Nikko Asset Management is parking some funds across the Tasman as it weighs up which side of the fence likely kingmaker Winston Peters will fall, says NZ head of equities Stuart Williams.
The local unit of one of Asia's biggest fund managers has been weighing up the impact of next month's general election all year, which Williams anticipates will end up as a centrist government propped up by the Peters-led New Zealand First.
The big unknown for Nikko is how long it will take for a government to form, and Nikko has shifted some assets to Australia due to the information vacuum over policy demands.
"Everything we see right now suggests we'll have a centrist-led government with Peters holding the balance of power and so now we're just becoming more focused," Williams told investors at a Nikko event in Wellington.
"There are a couple of areas where there's a bit of vulnerability for valuations in the event from Peters holding the balance of power and what he might say, so logically we can store some nuts over the Tasman."
NZ First has lost some support in recent polls, with political analyst Colin James's poll of polls showing the party's support at an average 9.5 per cent in the three polls to mid-August, down from 13 per cent in July. Still, that translates to 12 seats in Parliament, enough to install either the National Party or a Labour-Green bloc to the Treasury benches.
Fergus McDonald, Nikko's New Zealand head of bonds and currency, said Peters is a known quantity having held senior positions including Treasurer, Deputy Prime Minister, and Minister of Foreign Affairs in the past, and that international investors won't be bothered by the election as long as the winners stick to the current central banking framework and balancing the Crown accounts.
If there is any electoral uncertainty, McDonald anticipates it would play out in foreign exchange markets given the Reserve Bank's flat forecast for interest rates, he said.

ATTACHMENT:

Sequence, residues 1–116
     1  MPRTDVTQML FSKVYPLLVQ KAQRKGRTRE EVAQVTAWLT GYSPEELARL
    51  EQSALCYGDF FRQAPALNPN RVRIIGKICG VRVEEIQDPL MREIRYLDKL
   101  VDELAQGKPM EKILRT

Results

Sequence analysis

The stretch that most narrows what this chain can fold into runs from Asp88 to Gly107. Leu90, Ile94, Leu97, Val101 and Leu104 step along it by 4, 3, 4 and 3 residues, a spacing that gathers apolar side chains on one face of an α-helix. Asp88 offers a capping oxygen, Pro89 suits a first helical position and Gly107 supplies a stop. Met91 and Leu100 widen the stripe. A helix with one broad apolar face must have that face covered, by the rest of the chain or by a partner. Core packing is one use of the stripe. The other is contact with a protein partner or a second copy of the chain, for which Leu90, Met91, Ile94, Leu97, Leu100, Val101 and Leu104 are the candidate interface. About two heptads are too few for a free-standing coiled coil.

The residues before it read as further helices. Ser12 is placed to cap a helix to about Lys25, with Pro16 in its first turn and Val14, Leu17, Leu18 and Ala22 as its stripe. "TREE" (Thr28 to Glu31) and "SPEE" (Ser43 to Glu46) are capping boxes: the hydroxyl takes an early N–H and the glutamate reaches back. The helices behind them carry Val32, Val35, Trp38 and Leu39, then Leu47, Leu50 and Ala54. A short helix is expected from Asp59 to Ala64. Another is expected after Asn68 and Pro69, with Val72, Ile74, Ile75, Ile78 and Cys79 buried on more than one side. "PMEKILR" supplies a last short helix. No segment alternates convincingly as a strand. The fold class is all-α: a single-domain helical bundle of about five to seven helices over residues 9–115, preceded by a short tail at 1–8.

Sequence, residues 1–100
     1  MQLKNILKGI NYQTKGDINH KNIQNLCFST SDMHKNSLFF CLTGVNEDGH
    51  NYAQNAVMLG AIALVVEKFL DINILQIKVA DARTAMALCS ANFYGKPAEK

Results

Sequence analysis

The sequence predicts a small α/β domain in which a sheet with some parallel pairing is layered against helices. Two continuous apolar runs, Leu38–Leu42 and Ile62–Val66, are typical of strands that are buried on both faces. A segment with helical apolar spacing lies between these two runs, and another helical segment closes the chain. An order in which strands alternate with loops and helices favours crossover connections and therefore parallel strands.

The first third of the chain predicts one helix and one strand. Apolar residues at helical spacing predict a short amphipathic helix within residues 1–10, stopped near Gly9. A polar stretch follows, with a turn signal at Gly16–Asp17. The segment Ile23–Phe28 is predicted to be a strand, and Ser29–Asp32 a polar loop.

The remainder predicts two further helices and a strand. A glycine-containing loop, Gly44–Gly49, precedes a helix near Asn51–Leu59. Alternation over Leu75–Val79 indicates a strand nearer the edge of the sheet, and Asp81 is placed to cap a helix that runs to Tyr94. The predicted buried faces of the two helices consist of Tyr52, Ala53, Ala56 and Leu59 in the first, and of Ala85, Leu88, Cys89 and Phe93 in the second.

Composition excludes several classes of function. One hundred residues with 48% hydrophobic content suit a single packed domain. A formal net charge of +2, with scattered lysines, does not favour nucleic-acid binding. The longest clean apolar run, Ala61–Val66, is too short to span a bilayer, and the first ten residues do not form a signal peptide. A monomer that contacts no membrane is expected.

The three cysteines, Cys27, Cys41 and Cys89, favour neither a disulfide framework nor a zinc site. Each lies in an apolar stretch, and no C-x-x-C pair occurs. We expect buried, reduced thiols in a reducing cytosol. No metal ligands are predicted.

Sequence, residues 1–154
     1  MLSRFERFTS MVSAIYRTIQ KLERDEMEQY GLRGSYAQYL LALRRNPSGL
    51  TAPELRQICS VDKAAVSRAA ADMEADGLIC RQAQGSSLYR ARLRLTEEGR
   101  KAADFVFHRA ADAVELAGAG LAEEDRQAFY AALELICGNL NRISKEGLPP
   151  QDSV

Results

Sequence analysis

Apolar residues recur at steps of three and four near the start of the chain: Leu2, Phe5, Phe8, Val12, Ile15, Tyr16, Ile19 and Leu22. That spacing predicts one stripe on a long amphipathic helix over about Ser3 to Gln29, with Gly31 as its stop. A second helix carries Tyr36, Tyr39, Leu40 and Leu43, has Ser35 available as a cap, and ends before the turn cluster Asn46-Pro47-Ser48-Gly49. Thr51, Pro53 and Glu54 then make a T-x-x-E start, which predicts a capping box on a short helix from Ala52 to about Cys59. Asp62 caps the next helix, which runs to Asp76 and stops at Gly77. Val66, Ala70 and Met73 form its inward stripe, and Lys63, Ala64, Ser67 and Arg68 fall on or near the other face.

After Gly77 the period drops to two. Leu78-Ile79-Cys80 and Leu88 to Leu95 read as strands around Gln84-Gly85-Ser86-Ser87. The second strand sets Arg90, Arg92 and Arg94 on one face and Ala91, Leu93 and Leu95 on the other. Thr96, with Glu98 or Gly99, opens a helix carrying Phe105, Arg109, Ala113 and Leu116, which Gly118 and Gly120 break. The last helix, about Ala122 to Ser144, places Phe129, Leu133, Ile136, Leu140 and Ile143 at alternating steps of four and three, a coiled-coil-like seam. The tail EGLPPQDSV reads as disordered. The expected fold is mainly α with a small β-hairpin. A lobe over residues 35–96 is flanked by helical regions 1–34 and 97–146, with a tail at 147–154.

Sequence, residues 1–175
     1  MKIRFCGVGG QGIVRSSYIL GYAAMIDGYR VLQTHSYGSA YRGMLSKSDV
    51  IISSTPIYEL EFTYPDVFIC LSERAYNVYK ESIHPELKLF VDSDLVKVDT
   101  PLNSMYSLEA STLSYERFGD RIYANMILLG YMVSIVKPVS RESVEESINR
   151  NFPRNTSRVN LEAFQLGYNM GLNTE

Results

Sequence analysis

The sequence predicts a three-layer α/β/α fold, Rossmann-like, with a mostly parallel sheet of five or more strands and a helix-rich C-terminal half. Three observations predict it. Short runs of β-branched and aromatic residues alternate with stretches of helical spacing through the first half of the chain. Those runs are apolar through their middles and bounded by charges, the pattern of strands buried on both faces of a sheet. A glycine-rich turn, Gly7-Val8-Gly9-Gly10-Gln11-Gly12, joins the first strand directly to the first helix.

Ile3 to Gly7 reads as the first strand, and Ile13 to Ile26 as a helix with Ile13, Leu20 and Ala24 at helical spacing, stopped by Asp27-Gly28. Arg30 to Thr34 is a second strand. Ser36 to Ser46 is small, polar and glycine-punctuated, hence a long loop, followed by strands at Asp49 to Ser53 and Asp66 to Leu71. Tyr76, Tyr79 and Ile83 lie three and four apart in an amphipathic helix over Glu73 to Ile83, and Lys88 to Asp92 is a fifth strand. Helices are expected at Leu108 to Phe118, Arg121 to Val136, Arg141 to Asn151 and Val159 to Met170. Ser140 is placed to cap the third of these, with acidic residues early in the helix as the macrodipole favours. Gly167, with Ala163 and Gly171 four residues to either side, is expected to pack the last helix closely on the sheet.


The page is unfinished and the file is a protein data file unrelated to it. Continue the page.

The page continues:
Irrespective of the election outcome, Williams told investors New Zealand is still "really well placed" to keep meeting the demands of Asian consumers and investors.
That's not simply New Zealand's high quality food and beverage exports, but also the country's education and standard of living, which Williams said was a factor underpinning the local housing market. International commentators predicting a collapse in New Zealand Australia's respective housing markets ignore the underlying demand, which Williams said was "really unique in an Asian environment".
The trust built up in New Zealand's food products had encouraged Chinese consumers to seek out goods at the premium end of the market, but the degree to which New Zealand has earned that trust is still an open question that politicians and investors need to think about, Williams said.
"We're not quite as green and clean as we should be. That's one of the challenges that will come," he said. "It is by far the greatest risk for an equity investor, probably for bond investors as well, in terms of people assessing New Zealand. If we were to stuff that up, in particular with Asia, there is no coming back from that."